Finally, I should recall that for Brazil, the very existence of weapons of mass destruction, either in the hands of non-State actors or in the possession of States themselves, is a matter of grave concern. Our Government continues to call for complete, verifiable and irreversible disarmament.

This is probably the last opportunity in 2005 for a regular briefing from the Security Council Committees regarding terrorism. We are all aware of the urgency of dealing forcefully and decisively with the menace of international terrorism. Yet we must not let a heightened sense of vulnerability — given that terrorism can now threaten anyone, anywhere — lead us to forgo fundamental principles and rights. Our delegation will continue to cooperate constructively on this issue, which has considerable impact on the type of society we want to build in the years to come.

Sir Emyr Jones Parry (United Kingdom)

I have the honour also to speak on behalf of the European Union (EU) and those countries that have aligned themselves with this statement.

I should like to start by thanking the three Committee Chairmen for their comprehensive briefings.

Once again, recent events have shown us that the threat of terrorist attack is ever present. It seems that every time we gather for a meeting of this type, we must face the harsh reality of recent terrorist action. The European Union extends its deepest condolences to the people and the Government of Indonesia and to the victims in Bali. The terrible events that they and others around the world have suffered have served only to renew our determination to fight this battle and to maximize our efforts to counter this global menace.

The European Union welcomes the steps that the United Nations is taking in that direction. In particular, we strongly support the measures outlined in the summit outcome document (General Assembly resolution 60/1) and in Security Council resolution 1624 (2005). We fully expect and look forward to the conclusion of a comprehensive convention on international terrorism during the present session of the General Assembly.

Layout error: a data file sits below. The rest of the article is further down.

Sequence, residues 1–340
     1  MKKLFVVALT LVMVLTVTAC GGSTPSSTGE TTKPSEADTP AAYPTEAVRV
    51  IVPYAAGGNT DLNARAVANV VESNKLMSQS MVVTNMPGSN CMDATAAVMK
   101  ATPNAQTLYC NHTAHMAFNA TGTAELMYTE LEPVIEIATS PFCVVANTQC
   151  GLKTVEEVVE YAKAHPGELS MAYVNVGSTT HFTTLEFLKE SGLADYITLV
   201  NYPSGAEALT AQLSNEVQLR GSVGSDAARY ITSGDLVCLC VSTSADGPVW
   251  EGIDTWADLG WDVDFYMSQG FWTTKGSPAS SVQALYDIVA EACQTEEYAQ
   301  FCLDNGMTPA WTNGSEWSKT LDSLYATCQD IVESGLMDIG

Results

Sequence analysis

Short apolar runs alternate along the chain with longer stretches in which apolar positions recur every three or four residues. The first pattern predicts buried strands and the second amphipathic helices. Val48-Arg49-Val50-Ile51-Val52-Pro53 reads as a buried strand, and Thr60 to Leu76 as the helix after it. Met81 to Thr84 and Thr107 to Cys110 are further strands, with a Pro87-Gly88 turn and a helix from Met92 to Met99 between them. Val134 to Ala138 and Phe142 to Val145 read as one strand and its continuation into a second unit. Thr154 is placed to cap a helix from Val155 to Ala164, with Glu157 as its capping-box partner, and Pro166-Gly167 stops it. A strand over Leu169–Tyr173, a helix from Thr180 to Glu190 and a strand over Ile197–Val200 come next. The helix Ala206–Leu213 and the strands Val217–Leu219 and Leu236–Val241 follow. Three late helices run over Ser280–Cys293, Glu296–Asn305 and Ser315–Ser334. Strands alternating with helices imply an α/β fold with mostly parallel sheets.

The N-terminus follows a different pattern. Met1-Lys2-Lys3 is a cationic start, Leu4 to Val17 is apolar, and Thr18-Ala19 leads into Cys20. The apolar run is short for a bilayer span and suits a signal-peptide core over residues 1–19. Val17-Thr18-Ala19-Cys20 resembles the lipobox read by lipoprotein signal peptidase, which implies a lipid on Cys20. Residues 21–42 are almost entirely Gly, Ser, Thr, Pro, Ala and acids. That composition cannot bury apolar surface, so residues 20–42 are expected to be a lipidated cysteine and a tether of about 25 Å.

We are also highly appreciative of the appointment of the new Commission on Human Rights Special Rapporteur on the promotion and protection of human rights and fundamental freedoms while countering terrorism. The European Union firmly believes that any strategy to counter terrorism must of necessity be coupled with a concern for the rights and freedoms of individuals.

The European Union welcomes the adoption of the new Al-Qaida and Taliban sanctions resolution — resolution 1617 (2005) — in particular the clarification it provides on the definition of association with Al-Qaida, and its encouragement of Member States to endorse the internationally recognized Financial Action Task Force standards. We hope that, following that endorsement, the Counter-Terrorism Committee (CTC) now intends to adopt the standards as an example of best practice for States.